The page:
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Repi WtE (Waste to Energy) project
A key aspect of CRGE is to identify energy sources that will not only expand the provision of power across the country, but will do so in a manner that incorporates environmental protections and associated socio-economic benefits.
The Reppie Waste-to-Energy project is the first of its kind in Ethiopia as it produces green energy within city limits from municipal solid waste (MSW). The proposed waste-to-energy facility at Reppie will be located within the open dumping site and be part of the proposed transfer station which will see roughly 1,200 tons of waste a day. The facility will be located in the shallowest area of the dumpsite within a 7-hectare area out of the total 37-hectare dump site. The project will be located within a vacant brown-field area which is currently used to dump, burn, and dispose of waste without any environmental sensitivity. Compared to current emission limits from the current dumpsite at Reppie this facility will reduce significant amount of emission.
Black carbon reduction by dissemination of improved cook stoves
At the national level, it is estimated that biomass in its various forms makes up 88% of total energy consumed in the country. In urban areas, access to petroleum fuels and electricity has enabled a significant proportion of the population to employ these sources for cooking and other domestic energy requirements. However, “traditional“ biomass energy is still the predominant source of thermal energy for cooking in both urban and rural areas. Domestic energy requirements in rural and urban areas are mostly met from wood, charcoal, animal dung and agricultural residues. Three stone (open fire) system is still in use, which have significant contribution to indoor air pollution and hence health impact and climate change as the result of Black carbon. Residential sector accounts for 93% of the total energy consumed in Ethiopia (MOWE, 2012). Therefore, the federal Ministry of Water and Energy has developed and National programme for improved household biomass cookstove development and promotion in Ethiopia by focusing mainly on the residential sector.
Strategy to promote cleaner vehicles
Road transport in Ethiopia accounts for over 95% of both freight and passenger mobility. The rate of motorization is close to 10% per year, with over 52% of the current vehicle fleet being over 15 years and above. The road transport sector is therefore characterized by high fuel inefficiency, high operating cost, poor road traffic safety conditions and increasing emission.
According to the Ethiopia’s Climate Resilient Green Economy Strategy (CRGE), the increase in road passenger-km travelled in Ethiopia was forecasted at an annual growth rate of 8.3%-9.1% and the total passenger transport in passenger-km in Ethiopia is expected to increase from 40 billion in 2010 to 220 billion in 2030 driven by a strong urbanization. If business goes as usual, emissions from the motor vehicles will increase from 5 -ton CO2e in 2010 to 41ton CO2e in 2030. Hence, to mitigate this, viable and important policy measures were proposed in the strategy.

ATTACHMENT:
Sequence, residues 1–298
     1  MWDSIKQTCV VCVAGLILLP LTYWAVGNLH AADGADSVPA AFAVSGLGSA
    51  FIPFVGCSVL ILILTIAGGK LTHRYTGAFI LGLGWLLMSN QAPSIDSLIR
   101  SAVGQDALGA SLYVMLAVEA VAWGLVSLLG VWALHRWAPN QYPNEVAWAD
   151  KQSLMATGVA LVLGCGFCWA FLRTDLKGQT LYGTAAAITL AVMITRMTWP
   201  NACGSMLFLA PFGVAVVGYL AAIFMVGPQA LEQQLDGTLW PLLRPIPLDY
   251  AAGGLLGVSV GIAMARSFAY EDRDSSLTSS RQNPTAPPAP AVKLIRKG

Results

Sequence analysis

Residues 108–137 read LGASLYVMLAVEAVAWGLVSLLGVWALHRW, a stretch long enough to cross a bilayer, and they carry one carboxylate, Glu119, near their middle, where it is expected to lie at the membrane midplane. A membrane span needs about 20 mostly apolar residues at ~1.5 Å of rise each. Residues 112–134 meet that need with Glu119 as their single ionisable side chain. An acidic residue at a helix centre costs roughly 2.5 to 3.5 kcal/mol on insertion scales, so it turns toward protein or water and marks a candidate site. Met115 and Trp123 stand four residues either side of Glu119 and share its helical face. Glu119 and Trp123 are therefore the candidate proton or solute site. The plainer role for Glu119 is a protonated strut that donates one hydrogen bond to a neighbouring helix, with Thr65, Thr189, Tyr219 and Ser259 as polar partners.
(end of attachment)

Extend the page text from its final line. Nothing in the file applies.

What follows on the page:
More specifically, to increase vehicle fuel efficiency and promote importation of cleaner vehicles by identifying and implementing relevant policy packages, Ethiopia is working with United Nations Environment Program (UNEP) under GFEI. In regard to this a study has been conducted on type of vehicles imported into Ethiopia with the objective of providing baseline data and sufficient and updated information in order to draft appropriate legislations and guidelines for dissemination of more fuel-efficient vehicles. Based on the study, Policy measures to encourage importation and assembly of cleaner, more efficient vehicles in Ethiopia were drafted, including importation of 50 ppm low sulfur content fuels.
Use of liquid biofuel is also taken as one important strategy to support promotion of cleaner vehicles and E10 is already in use and activities are underway to scale up the bio-fuel development program both for biodiesel and bioethanol use.
To capture and use the climate-warming methane gas that is emitted from livestock, landfill, and sewage plant operations. Capturing and using biogas, which is composed mostly of methane, contributes to reducing methane in the atmosphere. To promote the uptake of domestic biogas, since 2008, a National Biogas Programme (NBP) is developed to disseminate domestic biogas and develop a commercially viable market biogas sector in four selected regions in Ethiopia. This program envisioned to promote 14,000 family-sized domestic biogas digesters in four selected regions.
This an Opportunity for Practice Change factsheet from Ethiopia called Manure is more than just an energy source.